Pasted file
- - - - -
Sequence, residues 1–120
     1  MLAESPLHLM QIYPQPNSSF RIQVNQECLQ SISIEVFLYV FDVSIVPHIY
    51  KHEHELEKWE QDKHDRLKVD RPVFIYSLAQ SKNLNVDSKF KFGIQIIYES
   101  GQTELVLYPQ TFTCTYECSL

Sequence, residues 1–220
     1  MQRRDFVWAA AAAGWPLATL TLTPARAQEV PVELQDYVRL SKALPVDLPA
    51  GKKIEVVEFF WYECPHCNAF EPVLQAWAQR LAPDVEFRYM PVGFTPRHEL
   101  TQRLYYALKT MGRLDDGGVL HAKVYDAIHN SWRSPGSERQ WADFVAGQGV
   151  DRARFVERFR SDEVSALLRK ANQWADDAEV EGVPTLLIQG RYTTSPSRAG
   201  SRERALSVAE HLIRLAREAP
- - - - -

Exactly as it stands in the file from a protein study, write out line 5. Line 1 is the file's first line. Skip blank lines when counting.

Sequence, residues 1–220